South County

Mud Creek Floods Again: Closing Pilgrim Creek Road

On June 8th of this year, the US Forest Service (USFS) has once again closed Pilgrim Creek Road due to the flooding of Mud Creek onto the Pilgrim Creek Road and making it a safety hazard for drivers. 

Pilgrim Creek Road is a paved US Forest Service road off highway 89 near the town of McCloud and is the main route to the subdivision of the Mount Shasta Forest Property Owners Association (MSFPOA).

The occurrence of rapid melting from the Konwakiton Glacier (one of 7 glaciers on Mount Shasta) from rising temperatures causes the overflowing of Mud Creek, carrying ash, sand, boulders, and debris like downed trees, blocking the natural waterways and creating new flood routes through the forest, has a history of recurring through the years.   

Over the last 100 years, there have been approximately 9 major debris flow events at Mud Creek. Recent records show that in 2002, 2014, 2015, and 2021, Mud Creek experienced debris flows at a much greater rate than  prior historic records. Available data suggests a 16% probability of a significant debris flow event at Mud Creek within the next two years. If one event occurs, there’s a 44% chance of at least one more happening in the same year. The probability of a significant debris flow event within the next five years rises to 31%.

 The last big occurrence that had the USFS close Pilgrim Creek Road was in July of 2021.  The road was closed for two years and caused a lot of frustration for those who live in the subdivision and had to take a longer and unpaved road called Esperanza.

This gravel road had to be maintained regularly by the USFS due to the heavier traffic not only from the people coming to and from the subdivision, but also logging trucks as well. The higher amount of traffic and excessive speeds on this rocky/graveled road, according to the MSFPOA, caused damage to more than 150 vehicles’ tires.  In a bulletin to the members of the Association dated June 10th, AAA will not tow on an unpaved road and Butte Towing charges $300 to $600 per towed vehicle. The bulletin recommended using  Bigalow or Cattlecamp roads which are even longer routes than Esperanza. 

Press release from the US Forest Service:

Pilgrim Creek Road is temporarily closed due to debris flows.
Higher temperatures in the past 10 days have resulted in increased snowmelt runoff from Mount Shasta, and the increased flows caused a stream diversion in Mud Creek last Friday. This diversion deposited mud, large rocks, and debris on Pilgrim Creek Road, leaving it unpassable and a substantial public safety risk.

Our engineers and staff are diligently working towards reopening Pilgrim Creek Road as soon as possible. To reopen the road, we had to wait until conditions were safe to begin work. Next, we need to ensure the water diversion in Mud Creek is stopped, and then we need to clear the road of debris and mud. We do not have an estimate for when this road will be reopened, but we are beginning work to block the diversion.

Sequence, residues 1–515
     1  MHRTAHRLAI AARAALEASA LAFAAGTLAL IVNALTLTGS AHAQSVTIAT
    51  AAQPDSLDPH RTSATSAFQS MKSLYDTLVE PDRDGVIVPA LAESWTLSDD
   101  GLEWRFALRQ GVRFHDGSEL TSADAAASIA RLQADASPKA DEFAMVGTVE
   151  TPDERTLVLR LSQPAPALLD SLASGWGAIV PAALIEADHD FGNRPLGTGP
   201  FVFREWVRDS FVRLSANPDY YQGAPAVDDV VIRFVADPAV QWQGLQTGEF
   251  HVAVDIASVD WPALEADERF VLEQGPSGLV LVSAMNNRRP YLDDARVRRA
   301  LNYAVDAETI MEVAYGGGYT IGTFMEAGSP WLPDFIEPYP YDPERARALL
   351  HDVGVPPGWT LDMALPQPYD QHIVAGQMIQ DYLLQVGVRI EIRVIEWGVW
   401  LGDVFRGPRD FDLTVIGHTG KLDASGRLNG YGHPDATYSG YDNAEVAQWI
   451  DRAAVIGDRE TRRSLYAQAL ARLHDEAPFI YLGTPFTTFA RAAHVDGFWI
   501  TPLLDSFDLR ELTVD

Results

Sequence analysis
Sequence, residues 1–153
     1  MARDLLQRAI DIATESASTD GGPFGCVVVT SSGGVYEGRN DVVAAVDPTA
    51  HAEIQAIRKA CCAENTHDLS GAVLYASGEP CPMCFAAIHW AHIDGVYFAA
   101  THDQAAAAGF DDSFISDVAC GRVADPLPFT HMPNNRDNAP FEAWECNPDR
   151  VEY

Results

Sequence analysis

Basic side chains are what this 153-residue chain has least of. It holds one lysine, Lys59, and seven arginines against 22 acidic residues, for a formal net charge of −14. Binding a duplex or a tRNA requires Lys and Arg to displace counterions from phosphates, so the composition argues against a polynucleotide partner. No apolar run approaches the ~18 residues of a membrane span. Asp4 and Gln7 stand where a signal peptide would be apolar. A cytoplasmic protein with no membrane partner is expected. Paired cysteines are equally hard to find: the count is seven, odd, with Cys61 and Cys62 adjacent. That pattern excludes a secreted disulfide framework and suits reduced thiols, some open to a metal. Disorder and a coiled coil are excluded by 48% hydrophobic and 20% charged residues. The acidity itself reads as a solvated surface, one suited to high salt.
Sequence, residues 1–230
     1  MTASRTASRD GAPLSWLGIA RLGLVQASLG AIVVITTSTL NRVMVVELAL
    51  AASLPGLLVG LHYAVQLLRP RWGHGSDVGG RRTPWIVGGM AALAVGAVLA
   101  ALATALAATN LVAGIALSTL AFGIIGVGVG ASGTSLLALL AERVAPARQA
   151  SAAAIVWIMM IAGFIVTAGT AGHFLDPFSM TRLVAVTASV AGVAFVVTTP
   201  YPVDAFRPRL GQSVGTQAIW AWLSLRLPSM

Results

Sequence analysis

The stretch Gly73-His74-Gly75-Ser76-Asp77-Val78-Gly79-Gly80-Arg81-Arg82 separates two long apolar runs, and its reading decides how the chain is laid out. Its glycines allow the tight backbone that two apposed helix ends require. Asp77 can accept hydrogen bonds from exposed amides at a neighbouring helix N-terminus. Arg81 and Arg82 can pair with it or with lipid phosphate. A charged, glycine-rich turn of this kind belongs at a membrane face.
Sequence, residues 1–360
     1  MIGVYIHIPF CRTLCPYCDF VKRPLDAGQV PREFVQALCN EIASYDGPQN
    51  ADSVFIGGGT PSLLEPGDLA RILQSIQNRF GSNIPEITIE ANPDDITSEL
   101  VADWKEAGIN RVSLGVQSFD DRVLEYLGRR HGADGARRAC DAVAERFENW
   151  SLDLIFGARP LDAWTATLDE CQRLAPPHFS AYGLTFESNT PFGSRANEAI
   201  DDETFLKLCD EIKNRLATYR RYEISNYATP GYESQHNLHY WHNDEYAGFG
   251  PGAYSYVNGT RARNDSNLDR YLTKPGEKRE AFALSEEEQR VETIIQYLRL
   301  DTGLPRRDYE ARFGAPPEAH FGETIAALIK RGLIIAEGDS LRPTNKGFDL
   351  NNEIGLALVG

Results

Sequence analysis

While we work towards reopening Pilgrim Creek Road, drivers will need to continue to choose an alternate route to access the area. The closest and most commonly used alternate route is the Esperanza Road, although there are concerns with the travel surface. If you decide to utilize Esperanza Road, please drive under the posted 25 miles per hour to minimize road damage and improve the safety for all drivers along that route.USFS Public Relations


The people from the MSFPOA were very surprised and pleased to find out that a report from USFS District  Ranger Joseph Rodarme of the Shasta/McCloud Management Unit, had Pilgrim Creek Road reopened on June 15th after assuring it was safe enough. He thanked the road crew, firefighters, resource specialists, Shasta-Trinity National Forest Engineer Stephen Frahm and U.S. Forest Service Region 5 Engineer Brad Job for their quick response to the situation.

” Thank you to the Mount Shasta Forest Property Owner Association, recreationist, and other travelers for your cooperation and patience as our employees worked to reopen the road and ensure it is safe for travel. Shasta-Trinity National Forest employees will continue to monitor the road conditions and evaluate options to make lasting improvements to decrease the likelihood of future debris flows at this site.”

Joseph Rodarme

He also advises those who are using the Pilgrim Creek Road to drive slowly and not to stop through the mud flow area. 

Rodarme also says that the next priority is to upgrade Esperanza Road and that there are plans to get it paved eventually. 


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